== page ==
It is with great trepidation that I write this post today. If I tell you my hips are sore but I’ve had no problems with my knees, those knees will lock up in pain before bedtime. August is a common time of the year for a fall marathoner to experience a few aches and pains. I am no exception.
If you run 50+ miles every week of the year, perhaps you are exempt from these problems…or maybe you have different issues altogether. Peak mileage varies throughout the year for me and it is not uncommon for my body to adjust to the ramp-up with the same issues year in and year out.
In Hal Higdon’s book, Marathon, The Ultimate Training Guide, he talks about one of the bulletin boards on his website that runners use to ask questions. He says, “Traffic remains relatively light to Body Shop for much of the year, but August brings with it an explosion of calls for help.”
In this book, he devotes an entire chapter as a review of the various runners who write to him with August injuries. We don’t need a forum of runners – a recap of my ailments will fill the post.
IT BAND SYNDROME
The Problem: Several weeks ago, desperate for a change of scenery, I decided to run down the mountain from my house…..and back up again. The back up again was, of course, the problem. I knew this hill would be too long, too tough but decided I could take it slow and be ok. My IT bands were screaming by the end of the day.
Solution: Not everyone agrees on the correct remedy for ITBS and I didn’t pay the $19.95 one author wanted to charge for his secret cure. From what I read (for free), he and I agreed that stretching does no good. It may eliminate some of the discomfort down the side of your leg, but does little to actually resolve the issue.
This band of fascia can be as tight as a guitar string when aggravated. The best remedy I’ve found is to get it loosened and relaxed: massage. I alternate a firm, jiggling motion on top of the band with long, sweeping motions that relax and move the energy down the leg.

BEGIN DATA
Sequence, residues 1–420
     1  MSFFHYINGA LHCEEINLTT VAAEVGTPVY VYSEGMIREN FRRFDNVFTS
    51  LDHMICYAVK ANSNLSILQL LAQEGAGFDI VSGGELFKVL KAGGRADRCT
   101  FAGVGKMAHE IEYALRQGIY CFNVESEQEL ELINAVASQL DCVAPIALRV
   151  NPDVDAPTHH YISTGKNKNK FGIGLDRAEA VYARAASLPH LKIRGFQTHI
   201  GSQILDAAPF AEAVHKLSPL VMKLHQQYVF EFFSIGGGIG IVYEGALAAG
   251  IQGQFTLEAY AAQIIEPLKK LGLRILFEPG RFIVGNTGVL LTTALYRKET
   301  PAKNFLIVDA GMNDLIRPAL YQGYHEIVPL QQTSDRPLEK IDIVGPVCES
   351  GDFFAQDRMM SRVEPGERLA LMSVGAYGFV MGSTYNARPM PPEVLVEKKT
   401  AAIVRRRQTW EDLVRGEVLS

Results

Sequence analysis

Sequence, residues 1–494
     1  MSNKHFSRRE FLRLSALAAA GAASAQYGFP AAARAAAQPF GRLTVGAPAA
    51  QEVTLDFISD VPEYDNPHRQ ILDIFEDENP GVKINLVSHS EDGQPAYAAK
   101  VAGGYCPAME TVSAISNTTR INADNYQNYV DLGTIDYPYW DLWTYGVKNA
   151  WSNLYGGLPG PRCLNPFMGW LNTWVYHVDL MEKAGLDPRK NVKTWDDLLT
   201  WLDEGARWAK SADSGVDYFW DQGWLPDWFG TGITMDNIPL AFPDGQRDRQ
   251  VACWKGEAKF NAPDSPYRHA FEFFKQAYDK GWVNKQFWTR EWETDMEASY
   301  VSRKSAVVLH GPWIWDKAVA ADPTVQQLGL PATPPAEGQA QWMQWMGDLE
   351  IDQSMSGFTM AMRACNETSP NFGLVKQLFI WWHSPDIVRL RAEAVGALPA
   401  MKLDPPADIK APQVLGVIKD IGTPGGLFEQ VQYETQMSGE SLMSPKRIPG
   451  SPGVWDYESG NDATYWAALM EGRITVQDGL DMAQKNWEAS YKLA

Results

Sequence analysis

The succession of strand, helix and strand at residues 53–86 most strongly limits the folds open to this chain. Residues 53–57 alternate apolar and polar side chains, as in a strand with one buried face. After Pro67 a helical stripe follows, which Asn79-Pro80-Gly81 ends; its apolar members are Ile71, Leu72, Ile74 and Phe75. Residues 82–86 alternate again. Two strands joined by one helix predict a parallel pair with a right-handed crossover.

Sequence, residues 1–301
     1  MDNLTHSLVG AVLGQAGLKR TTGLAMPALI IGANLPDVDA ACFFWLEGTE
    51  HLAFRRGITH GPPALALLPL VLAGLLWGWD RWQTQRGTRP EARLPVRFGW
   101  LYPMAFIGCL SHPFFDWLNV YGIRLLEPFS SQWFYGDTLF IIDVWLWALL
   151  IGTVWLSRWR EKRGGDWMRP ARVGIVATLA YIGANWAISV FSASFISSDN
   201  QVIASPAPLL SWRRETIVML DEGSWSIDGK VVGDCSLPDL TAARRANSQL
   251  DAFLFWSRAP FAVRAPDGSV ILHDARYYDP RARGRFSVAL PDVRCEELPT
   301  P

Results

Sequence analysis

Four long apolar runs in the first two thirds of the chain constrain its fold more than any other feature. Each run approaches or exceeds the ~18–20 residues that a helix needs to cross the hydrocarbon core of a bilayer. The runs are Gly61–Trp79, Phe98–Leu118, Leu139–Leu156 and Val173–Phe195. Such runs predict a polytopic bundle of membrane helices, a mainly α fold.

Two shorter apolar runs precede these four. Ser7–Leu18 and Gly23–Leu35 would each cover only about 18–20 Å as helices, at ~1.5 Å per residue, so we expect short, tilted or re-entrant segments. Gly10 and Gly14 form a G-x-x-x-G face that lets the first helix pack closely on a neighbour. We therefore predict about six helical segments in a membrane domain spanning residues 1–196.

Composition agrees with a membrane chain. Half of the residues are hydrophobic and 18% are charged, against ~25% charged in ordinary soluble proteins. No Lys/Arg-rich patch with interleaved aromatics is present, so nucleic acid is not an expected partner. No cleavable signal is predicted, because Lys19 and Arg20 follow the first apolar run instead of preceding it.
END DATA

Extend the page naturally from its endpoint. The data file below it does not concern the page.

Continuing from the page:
Sometimes I do this while I’m driving and keep at it until the IT band has relaxed. This time it quieted down within just a few days. If the pain goes down the leg and across the knee cap, say good night Irene. Rest is the only solution.
The Problem: During the research I did for the post I wrote on Morton’s Toe, I discovered this toe may be responsible for many ailments, including tenderness of the Achilles Tendon. Recently, I have suffered with this tenderness around my left Achilles – worst at the start of a run and better after it has loosened up.
The Solution: Several years ago a therapist suggested I do gentle stretches of the tendon for minutes at a time as opposed to the 30 seconds of a typical stretch. Stretching the Achilles too much can make it inflamed but this long, gentle stretch seems to do the trick.
If the pain creeps down the outer bottom edge of the heel, stand on the outside edges of the feet. Some doctors suggest that you should walk on the outsides of your feet from time to time anyway.
A pain on the top of the foot always scares the life out of me – as does a pain through the arch, which reads plantar fasciitis. Massage and stretch your arch once or twice a day and pick things up with your toes; a towel or a wadded up piece of paper.
It was not uncommon for me to sit on the couch after a long Sunday run rummaging through my running books and every website I could find to diagnose what ailed me.
Over the years, I have learned where my body breaks down and how to clear up these issues before they become more serious.
Your injuries might be different: strained hamstrings, knee pain, back pain, sore hips or shin splints.
Catch them early and avoid the dreaded four letter word: REST.